There is an abandoned underground passageway from Penn Station to the nearby 34th Street–Herald Square subway station and 33rd Street PATH station, which was known as "Gimbels Passageway." After decades of safety and sanitation concerns, an epidemic of sexual assaults finally led to its closure in the 1980s.[7]

After the September 11 attacks in 2001, security was increased and passenger flow through the Penn Station complex was curtailed. In 2002, work began on a $100 million improvement to add security features inside Penn Station, such as lighting, security cameras, and barricades.[40] The taxiway under Madison Square Garden, which ran from 31st Street north to 33rd Street halfway between 7th and 8th Avenues, was closed off with concrete Jersey barriers. A covered walkway from the taxiway was constructed to guide arriving passengers to a new taxi-stand on 31st Street. In addition, the direct connection escalators from Penn Station to the lobby of Madison Square Garden were closed and later removed.

Despite the improvements, Penn Station continues to be criticized as a low-ceilinged "catacomb" lacking charm, especially when compared to the much larger and more ornate Grand Central Terminal.[31] The New York Times, in a November 2007 editorial supporting development of an enlarged railroad terminal, said that "Amtrak's beleaguered customers...now scurry through underground rooms bereft of light or character."[41] Times transit reporter Michael M. Grynbaum later called Penn Station "the ugly stepchild of the city’s two great rail terminals."[26] Times architecture critic Michael Kimmelman wrote that while downsizing Penn Station and moving it entirely underground may have made a modicum of sense at the time, in hindsight it was a sign that New York was "disdainful of its gloried architectural past." Kimmelman also argued that the remodeling resulted in a station that was no longer commensurate with its status as the main rail gateway to New York.[25] Earlier, Christopher Gray of the Times wrote in 2001 that "there would be no shortage of bodies to sit in front of the bulldozers" to save the older, larger Penn Station.[28]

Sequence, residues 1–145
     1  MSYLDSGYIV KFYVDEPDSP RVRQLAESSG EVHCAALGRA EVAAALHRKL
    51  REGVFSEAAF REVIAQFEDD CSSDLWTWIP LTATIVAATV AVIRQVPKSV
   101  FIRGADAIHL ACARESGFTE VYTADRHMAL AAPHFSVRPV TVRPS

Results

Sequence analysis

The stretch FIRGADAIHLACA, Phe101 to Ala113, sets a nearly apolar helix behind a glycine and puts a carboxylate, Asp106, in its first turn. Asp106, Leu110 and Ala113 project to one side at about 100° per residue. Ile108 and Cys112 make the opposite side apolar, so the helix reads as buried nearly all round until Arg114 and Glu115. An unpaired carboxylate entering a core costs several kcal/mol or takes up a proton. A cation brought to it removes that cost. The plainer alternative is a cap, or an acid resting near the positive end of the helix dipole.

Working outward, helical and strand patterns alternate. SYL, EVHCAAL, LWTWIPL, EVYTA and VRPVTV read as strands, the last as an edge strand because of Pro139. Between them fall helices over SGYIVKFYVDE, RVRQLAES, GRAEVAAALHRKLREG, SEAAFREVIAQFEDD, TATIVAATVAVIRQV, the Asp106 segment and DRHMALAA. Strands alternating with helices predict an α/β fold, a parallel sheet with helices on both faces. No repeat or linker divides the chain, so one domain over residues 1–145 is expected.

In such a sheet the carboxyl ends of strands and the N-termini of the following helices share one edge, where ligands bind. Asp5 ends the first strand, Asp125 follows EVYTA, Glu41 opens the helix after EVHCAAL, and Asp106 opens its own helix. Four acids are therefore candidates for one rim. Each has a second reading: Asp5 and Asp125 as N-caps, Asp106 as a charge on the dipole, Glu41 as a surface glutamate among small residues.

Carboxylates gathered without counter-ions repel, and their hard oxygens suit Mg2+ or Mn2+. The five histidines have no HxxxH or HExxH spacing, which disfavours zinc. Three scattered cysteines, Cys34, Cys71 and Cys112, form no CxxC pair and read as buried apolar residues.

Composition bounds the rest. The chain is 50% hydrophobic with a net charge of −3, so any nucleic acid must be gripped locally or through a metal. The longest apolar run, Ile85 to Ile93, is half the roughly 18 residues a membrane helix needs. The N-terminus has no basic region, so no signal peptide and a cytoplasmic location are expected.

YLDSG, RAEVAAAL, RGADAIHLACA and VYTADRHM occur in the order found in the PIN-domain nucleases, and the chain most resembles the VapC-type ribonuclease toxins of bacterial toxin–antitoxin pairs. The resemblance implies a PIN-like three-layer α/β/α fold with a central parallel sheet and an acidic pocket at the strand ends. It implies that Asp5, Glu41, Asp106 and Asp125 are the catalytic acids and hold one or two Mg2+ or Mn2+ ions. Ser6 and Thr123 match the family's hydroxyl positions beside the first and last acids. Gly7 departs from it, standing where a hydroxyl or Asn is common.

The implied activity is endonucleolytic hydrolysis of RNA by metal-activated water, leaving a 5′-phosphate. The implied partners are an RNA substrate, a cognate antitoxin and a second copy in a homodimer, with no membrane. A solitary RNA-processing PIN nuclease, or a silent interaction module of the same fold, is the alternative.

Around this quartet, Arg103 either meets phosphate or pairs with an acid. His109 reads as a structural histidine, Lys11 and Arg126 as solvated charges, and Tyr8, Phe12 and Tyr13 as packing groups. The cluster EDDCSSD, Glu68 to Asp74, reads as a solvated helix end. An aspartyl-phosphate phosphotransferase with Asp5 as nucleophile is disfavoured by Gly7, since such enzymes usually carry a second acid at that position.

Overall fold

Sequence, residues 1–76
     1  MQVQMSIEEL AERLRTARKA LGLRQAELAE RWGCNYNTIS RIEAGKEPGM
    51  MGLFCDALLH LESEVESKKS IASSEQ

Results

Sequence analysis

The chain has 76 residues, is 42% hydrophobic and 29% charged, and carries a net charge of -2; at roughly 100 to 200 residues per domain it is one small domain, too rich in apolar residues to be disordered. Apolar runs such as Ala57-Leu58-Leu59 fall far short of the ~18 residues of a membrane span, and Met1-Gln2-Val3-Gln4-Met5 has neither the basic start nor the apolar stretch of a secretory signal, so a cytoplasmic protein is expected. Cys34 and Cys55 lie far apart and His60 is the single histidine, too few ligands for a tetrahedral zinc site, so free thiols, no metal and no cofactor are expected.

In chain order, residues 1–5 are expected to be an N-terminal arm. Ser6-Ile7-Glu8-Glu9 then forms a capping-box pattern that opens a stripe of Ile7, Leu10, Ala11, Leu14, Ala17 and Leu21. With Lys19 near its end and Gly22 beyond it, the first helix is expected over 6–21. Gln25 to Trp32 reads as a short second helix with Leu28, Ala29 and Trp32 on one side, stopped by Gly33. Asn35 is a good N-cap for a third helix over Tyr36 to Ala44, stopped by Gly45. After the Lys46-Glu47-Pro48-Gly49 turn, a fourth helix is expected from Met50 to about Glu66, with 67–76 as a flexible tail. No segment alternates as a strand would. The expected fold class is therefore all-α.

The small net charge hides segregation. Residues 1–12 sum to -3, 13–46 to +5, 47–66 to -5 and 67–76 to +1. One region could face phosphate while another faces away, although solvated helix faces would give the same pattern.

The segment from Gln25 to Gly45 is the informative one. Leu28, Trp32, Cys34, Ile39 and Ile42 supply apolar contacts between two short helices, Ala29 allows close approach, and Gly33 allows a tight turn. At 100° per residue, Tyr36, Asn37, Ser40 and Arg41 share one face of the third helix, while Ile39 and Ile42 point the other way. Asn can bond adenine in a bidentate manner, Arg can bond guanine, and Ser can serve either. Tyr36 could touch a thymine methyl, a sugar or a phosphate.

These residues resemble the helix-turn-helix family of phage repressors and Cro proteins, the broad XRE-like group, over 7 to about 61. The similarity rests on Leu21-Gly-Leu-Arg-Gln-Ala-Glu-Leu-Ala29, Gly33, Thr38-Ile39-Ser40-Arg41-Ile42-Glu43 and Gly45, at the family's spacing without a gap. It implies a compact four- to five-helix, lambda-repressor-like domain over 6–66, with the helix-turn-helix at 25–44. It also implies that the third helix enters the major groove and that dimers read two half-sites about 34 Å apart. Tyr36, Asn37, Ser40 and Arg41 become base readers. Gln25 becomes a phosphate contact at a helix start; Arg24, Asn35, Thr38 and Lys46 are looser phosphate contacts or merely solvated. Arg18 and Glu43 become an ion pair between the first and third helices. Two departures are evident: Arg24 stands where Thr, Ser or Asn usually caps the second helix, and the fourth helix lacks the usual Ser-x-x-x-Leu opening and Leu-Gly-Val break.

Services